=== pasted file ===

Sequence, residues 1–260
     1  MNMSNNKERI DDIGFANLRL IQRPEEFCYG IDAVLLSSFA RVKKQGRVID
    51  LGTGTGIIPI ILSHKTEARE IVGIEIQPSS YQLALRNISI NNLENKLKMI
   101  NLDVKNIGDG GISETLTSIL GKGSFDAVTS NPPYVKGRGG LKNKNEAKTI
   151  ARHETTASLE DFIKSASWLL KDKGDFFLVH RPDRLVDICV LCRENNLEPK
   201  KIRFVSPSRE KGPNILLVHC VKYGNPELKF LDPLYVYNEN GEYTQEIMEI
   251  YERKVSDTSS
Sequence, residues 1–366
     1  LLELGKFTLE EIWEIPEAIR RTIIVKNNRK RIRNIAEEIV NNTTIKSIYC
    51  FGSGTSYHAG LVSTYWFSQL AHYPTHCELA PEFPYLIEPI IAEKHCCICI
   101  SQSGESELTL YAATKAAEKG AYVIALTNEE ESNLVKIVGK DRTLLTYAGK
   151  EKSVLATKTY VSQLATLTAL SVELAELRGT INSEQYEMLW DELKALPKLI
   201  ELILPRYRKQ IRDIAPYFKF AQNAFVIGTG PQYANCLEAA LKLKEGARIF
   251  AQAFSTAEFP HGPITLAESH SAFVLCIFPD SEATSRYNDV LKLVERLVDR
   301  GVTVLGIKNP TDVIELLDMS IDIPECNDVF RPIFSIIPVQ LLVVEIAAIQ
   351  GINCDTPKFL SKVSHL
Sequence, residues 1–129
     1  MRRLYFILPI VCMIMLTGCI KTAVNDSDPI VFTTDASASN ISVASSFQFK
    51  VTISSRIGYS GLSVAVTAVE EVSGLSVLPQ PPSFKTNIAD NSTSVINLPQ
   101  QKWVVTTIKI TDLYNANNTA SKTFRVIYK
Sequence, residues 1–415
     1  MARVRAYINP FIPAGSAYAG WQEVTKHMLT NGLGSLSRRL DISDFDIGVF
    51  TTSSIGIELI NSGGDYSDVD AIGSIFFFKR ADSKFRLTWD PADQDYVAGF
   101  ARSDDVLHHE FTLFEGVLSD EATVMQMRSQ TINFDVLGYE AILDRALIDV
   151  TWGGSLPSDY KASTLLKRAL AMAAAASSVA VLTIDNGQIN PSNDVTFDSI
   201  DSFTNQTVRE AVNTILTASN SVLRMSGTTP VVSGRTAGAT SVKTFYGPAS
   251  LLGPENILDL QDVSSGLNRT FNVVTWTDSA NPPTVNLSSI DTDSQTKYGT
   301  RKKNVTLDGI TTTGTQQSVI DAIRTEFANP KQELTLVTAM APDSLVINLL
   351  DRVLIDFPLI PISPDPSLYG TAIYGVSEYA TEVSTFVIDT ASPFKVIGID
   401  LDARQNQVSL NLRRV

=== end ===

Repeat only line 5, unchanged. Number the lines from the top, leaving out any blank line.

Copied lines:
   151  ARHETTASLE DFIKSASWLL KDKGDFFLVH RPDRLVDICV LCRENNLEPK